Richmond has no plan to reimagine Monument Avenue, years after statues removal: 'I'm disappointed'

Posted at 5:30 PM, Apr 17, 2024
and last updated 2024-04-17 17:30:13-04

RICHMOND, Va. -- The future of Monument Avenue in Richmond remains unclear four years after multiple Confederate statues were removed and Mayor Levar Stoney said he would embark on a planning process to develop a long-term vision for the historic district.

The Robert E. Lee statue, was once the largest Confederate statue in the United States, was removed from Monument Avenue in 2021. Mayor Stoney ordered the emergency removal of the street's other Confederate monuments amid protests against racial injustice in 2020.

“I was all for the monument coming down," Monument Avenue resident Caroline Bowers, who participated in the 2020 rallies and marches, said. “I’ve had people say, ‘Oh my, you must be disappointed living on Monument Avenue.’ And I say, ‘Oh, it's quite the opposite. I'm thrilled that I live here and saw this happen.'"

Now, the former Lee Circle is filled with mulch, plants, and trees. Bowers said its current state diminishes the historical significance of the space.

“I’m not sure I can even put into words what I see other than disappointment. There's nothing there that has any meaning or purpose," Bowers said. “I was hoping for maybe a park-like setting where you could come and you could sit and you could kind of feel and reminisce what happened here.”

Monument Avenue Plan Update 2024
Monument Avenue resident Caroline Bowers

After Monument Avenue lost most of its monuments, the Virginia Museum of Fine Arts was tapped to lead a major community-driven plan to reimagine the area. State funding was allocated for the project. That project quietly folded in 2021 and responsibilities were turned over from the VMFA to the city. The city replaced the sites with plantings.

None of the city's landscaping plans were presented to the public for input, but the planting project at the former Lee Circle went before public bodies for consideration.

“I don't think any of us saw this as being an accomplishable project," Todd Woodson, a member of Richmond's Urban Design Committee, said.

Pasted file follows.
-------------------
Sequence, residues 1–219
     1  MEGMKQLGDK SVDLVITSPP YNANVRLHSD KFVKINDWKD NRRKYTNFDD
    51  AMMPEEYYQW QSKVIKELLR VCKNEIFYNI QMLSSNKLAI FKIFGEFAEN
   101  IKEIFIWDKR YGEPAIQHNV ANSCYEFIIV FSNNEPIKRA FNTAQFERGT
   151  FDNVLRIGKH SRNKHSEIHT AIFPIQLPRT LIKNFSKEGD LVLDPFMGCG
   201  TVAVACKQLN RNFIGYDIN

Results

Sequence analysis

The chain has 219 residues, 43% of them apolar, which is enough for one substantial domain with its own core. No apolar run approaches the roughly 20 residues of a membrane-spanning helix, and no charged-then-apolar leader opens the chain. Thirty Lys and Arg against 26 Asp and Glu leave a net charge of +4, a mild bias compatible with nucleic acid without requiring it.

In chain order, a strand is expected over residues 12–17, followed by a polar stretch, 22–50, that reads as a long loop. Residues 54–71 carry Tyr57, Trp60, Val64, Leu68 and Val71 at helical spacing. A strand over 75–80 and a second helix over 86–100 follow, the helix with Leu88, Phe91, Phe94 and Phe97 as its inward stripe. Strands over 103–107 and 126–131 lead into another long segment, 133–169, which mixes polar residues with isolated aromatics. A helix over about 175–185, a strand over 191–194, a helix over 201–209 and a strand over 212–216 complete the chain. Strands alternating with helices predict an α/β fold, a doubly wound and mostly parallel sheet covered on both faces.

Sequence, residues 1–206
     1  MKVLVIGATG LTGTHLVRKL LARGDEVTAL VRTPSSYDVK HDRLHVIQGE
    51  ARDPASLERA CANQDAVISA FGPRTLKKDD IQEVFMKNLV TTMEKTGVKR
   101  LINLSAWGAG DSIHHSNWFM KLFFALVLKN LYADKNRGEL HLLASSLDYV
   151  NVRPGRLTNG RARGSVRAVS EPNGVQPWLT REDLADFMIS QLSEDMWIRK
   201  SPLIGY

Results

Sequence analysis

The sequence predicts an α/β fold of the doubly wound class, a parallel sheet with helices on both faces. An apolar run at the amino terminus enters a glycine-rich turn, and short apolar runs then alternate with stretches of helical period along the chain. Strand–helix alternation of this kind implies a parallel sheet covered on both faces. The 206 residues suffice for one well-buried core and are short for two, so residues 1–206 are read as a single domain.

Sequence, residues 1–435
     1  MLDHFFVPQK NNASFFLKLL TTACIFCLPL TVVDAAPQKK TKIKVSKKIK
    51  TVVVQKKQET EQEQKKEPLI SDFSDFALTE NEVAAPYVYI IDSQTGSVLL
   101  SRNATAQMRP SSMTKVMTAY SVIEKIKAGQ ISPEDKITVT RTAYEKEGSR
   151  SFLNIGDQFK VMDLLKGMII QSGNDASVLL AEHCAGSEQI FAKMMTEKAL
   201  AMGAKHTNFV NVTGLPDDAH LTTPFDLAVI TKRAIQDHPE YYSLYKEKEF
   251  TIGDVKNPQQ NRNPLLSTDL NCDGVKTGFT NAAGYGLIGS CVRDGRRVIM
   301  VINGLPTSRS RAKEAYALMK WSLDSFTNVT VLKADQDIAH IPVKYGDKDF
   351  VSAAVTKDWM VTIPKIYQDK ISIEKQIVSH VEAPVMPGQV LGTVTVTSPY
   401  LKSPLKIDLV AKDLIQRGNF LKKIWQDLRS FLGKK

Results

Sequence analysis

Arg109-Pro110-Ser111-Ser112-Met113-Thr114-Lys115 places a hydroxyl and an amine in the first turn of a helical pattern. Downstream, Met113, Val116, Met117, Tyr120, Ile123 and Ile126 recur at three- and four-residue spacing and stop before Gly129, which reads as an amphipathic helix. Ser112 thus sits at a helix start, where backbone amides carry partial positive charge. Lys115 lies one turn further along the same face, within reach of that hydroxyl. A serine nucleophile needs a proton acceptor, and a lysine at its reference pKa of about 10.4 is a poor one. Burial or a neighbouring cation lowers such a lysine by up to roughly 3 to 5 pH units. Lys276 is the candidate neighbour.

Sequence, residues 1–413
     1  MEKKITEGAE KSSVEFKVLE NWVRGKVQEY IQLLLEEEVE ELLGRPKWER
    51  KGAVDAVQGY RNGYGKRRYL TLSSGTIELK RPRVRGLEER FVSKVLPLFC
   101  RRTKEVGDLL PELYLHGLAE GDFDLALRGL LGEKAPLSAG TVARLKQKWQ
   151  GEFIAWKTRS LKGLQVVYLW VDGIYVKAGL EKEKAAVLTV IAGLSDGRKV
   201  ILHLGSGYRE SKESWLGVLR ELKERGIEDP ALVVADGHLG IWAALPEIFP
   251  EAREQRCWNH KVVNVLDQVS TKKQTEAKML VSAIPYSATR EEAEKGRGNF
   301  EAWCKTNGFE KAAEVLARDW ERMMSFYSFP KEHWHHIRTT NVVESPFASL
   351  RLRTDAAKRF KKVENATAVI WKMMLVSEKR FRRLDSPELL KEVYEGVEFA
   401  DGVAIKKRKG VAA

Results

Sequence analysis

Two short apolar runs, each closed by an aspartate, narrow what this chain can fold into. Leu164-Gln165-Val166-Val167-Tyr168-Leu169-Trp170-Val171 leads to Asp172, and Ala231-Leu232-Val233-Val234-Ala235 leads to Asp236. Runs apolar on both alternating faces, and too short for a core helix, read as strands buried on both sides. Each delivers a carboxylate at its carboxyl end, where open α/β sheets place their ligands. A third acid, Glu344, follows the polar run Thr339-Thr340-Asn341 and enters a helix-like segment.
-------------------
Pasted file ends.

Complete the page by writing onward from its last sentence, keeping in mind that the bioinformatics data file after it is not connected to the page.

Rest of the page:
Woodson voted with a majority of members in 2022 to reject the Lee Circle plantings.

Monument Avenue Plan Update 2024

The committee, which offers recommendations to the city's Planning Commission, cited many concerns with the plan including that it would be difficult to maintain.

Woodson said that theory had proven true.

"They came out here on the hottest day in July and planted trees, and that was an obvious suicide mission for the trees. They just withered and died. It was sort of painful to watch," Woodson said. "Just throwing $100,000 at something and having someone plant plants and having a sprinkler on a timer does not a garden make."

Monument Avenue Plan Update 2024
Richmond Urban Design Committee member Todd Woodson

City officials and some residents cited safety concerns about opening the circle to the public, including the busy flow of traffic surrounding the area. However, Woodson disagrees.

“By the square footage here, if you don't allow public gatherings, then it seems to me to be a waste," Woodson said. "I think this means an awful lot to a lot of people, myself included. This space represents a rebirth, and people should be allowed to celebrate that."

Ultimately, the planning commission and Richmond City Council approved the plan, despite the urban design committee's recommendation. Planning Director Kevin Vonck said at the time that there would be future opportunities to permanently reimagine Monument Avenue.

When the plans were initially presented two years ago, Mayor Stoney emphasized that they were temporary, which members of the urban design committee and planning commission were skeptical of. At the time, Mayor Stoney said a permanent vision was still in the works and he would want input from the public.

“We will engage the community that lives right there on Monument Avenue, and the community at large. So what I'm asking for, is just a little patience," Stoney said in April 2022.

Fast forward to April 2024, and Stoney now says he has no plans for the future of Monument Avenue, adding the planters will remain in place when he leaves office at the end of the year.

“I believe that the investment from the city particularly should go into areas that need it the most. And I look at places in Southside, as we’ve discussed for the last year, that Southside is in need. I think we should focus also on developing the area in Shockoe Bottom where the enslaved should be memorialized. That should be the focus. That’s going to be the focus of my administration. There may be an administration that comes after me, my successor, that takes a different approach," Stoney told CBS 6.

Monument Avenue Plan Update 2024
Richmond Mayor Levar Stoney

Richmond City Councilmember Katherine Jordan, who represents the area of the former Lee Circle and Monument Avenue, declined an interview.

Her liaison told CBS 6 in an email that she doesn't expect to move forward with planning efforts until a new mayor and governor are elected.

“Monument Avenue needs to be reimagined. It's such a wealth of history, and the architecture is so beautiful, and it really deserves the best," Woodson said.

At a minimum, Bowers hopes historical context can be added to the space.

“Have some historical markers up. Explain what happened and why it happened. Show some of the pictures of the people that came out here and used their voice and made this change," Bowers said. "I'm disappointed with the outcome here."


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